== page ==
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Wednesday, May 4, 2016

School superintendent gets good review

Wednesday, January 26, 2011

(Photo)
Salem School Superintendent Ken Rich chats with elementary school secretary Tena Smith. Rich received a one year contract extension, following a Jan. 17 evaluation by the Salem School Board. Adding the year to his current contract will keep Rich on the job through, at least, 2014. Photo by Richard Irby
Richard Irby

Staff Writer

School Superintendent Ken Rich received a vote of confidence at the Jan. 17 Salem School Board meeting.

The meeting ended with an hour-long closed session to give Rich his annual evaluation.

When the public meeting resumed, the board voted unanimously to extend Rich's contract by one year.

Rich is already working under a three year contract, which runs through 2013. The year's extension will keep him on the job at least through the 2014 school year.

"We (the board) believe the Superintendent is a great manager and stays up to date on what is happening in education, statewide and on the federal level," Board President Karen Coffman told The News. "By doing so, Mr. Rich has helped bring in grants and other financial aid that has helped the school system."

"This is a great place to work," said Rich, expressing satisfaction with the contract extension.

When asked about his strengths as an administrator, Rich said his top priority is to always work to create a positive environment for students and staff.

"The best thing is our people," said Rich.

When asked if he had a role in bringing good employees into the school system, Rich replied, "I'd like to think so."

Did the board suggest ways he could improve his performance?

"I am always working to try to get better," said Rich.

Rich is in his 18th year in Salem. After one year as a teacher, he worked three years as an assistant principal and seven years as principal before becoming superintendent seven years ago.

"He must be doing something right," said Coffman, referring to rising state test scores during Rich's tenure.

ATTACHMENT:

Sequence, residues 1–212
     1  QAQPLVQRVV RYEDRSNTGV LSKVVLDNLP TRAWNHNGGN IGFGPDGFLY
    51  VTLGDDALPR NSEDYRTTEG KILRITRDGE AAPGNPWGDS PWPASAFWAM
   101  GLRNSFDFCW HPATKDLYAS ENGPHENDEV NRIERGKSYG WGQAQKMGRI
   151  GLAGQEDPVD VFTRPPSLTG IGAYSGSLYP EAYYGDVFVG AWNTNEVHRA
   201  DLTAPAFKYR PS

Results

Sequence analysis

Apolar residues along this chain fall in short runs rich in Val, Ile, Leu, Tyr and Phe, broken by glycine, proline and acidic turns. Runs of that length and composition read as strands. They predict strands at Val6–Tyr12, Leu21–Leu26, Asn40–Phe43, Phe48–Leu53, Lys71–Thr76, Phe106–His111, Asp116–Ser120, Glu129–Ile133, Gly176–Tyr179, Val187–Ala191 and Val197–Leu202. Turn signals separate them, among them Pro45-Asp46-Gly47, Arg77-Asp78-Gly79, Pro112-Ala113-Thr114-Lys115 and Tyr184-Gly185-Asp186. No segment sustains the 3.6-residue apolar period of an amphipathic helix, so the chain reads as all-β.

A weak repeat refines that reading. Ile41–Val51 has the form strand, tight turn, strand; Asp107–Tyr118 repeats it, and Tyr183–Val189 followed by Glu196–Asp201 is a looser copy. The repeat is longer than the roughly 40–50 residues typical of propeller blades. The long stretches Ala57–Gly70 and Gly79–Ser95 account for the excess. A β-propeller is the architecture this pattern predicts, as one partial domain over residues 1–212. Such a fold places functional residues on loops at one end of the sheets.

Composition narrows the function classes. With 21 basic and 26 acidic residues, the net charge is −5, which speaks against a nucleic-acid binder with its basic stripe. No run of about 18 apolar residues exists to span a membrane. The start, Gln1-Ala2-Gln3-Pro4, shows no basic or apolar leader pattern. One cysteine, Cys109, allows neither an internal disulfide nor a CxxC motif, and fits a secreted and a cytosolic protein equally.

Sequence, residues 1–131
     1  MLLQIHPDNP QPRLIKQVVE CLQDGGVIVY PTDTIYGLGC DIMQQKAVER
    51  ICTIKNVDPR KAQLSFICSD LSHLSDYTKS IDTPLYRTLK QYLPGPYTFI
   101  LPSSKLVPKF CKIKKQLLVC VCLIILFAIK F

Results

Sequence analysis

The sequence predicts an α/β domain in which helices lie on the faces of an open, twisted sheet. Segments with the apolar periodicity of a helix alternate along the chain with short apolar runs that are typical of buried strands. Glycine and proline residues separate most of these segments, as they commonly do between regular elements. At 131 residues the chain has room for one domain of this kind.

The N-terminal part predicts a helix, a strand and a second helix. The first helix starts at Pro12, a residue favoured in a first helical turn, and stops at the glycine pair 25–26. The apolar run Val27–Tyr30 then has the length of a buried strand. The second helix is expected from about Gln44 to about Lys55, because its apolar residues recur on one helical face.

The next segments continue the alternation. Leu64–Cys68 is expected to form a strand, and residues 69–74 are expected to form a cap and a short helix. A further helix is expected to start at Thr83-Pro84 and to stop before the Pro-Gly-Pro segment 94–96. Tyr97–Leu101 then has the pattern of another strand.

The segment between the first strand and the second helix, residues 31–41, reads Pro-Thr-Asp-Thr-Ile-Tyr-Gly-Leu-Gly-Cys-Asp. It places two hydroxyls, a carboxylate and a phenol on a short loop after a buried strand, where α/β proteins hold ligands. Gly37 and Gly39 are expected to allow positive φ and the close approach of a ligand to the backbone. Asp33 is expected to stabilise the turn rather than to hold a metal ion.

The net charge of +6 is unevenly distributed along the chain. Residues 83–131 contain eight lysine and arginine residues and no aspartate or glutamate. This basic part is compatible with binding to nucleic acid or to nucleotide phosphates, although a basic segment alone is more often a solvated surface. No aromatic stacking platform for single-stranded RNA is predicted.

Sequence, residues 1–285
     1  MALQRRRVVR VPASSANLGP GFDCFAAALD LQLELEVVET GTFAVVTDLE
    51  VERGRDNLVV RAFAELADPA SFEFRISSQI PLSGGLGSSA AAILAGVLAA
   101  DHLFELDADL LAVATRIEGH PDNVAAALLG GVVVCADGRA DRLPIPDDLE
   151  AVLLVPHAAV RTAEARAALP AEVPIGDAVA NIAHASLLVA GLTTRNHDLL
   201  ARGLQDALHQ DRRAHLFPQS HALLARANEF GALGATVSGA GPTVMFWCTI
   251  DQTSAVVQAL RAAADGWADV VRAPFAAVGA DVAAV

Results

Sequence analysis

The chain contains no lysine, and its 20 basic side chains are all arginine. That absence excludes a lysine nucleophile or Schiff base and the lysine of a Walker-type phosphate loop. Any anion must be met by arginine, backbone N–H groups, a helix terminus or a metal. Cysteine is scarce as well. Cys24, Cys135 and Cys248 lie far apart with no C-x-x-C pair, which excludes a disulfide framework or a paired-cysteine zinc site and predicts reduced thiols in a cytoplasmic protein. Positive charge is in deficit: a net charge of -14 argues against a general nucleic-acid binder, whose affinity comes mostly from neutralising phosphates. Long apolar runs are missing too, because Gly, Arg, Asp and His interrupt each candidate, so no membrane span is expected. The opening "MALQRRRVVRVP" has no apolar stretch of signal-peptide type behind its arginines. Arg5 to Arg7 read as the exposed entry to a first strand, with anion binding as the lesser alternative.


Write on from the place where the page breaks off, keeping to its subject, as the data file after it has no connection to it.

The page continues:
Rich also gave a report on the school system's vehicle fleet, beginning with praise for the good job transportation mechanic Ed Foster does.

According to Rich, the fleet is in good shape and performing well ("knock on wood") so far this year. Two spare buses, 1994 and 1996 models, have plenty of life left should they be needed.

Rich added that, since the system has not purchased a new bus for three years, a purchase next year might be a good idea to keep the fleet in top condition.

The superintendent also recommended the board consider buying a new car this year to replace one of the three currently used for school business.

A 1990 Chevrolet Lumina, used by transportation staff to check bus routes, pick up parts and run errands, has 197,000 miles on it.

A 1999 Ford Taurus used for drivers education has 162,000 miles on the odometer and a 2006 Taurus used for transportation to teacher workshops and other events shows 89,000 miles.

Rich suggested retiring the Lumina, using the 2006 Taurus for drivers ed and purchasing a new vehicle to use for teacher trips and other school business.

The board agreed unanimously, authorizing action to buy a new vehicle.

Rich told the board that, at a recent meeting of Arkansas school superintendents, many superintendents and state and federal school officials were frustrated about the failure of Congress to pass a new national education policy.

The current "No Child Left Behind" standards crafted by the Bush administration were supposed to be reauthorized or changed two years ago.

"We really do need an updated policy in place," said Rich.

A national policy lets school systems know what academic goals they are expected to meet, what rewards or penalties systems face for meeting or failing to meet standards and what federal education funds systems can expect to assist them.

According to speakers at the symposium, if Congress does not act by June, it will likely be after the 2012 Presidential election before the national education policy is updated.

Rich also discussed several education bills which have been introduced for the Arkansas General Assembly to consider.

One proposal would give school systems some flexibility in choosing a school start date. Under current law, the new school year begins on Aug. 19, in Arkansas.

House Bill 1099 proposes allowing school districts to begin as early as Aug. 14 and not later than Aug. 26.

In the past, the state tourism industry has opposed earlier starts to the school year, but many school systems believe an earlier start is needed, since the fall semester is currently shorter than the spring semester and "snow days" often make it hard to get all scheduled days and a full spring break in.

The superintendent pointed out Aug. 19, 2011, the start of the 2011-2012 school year, falls on a Friday. Rich said it would make more sense to start the school year on Aug. 15, the Monday of that week.

HB 1099 is a bill many superintendents hope will pass.

The next meeting of the Salem School Board will take place on Feb. 21, at 7 p.m. at the Superintendent's office.



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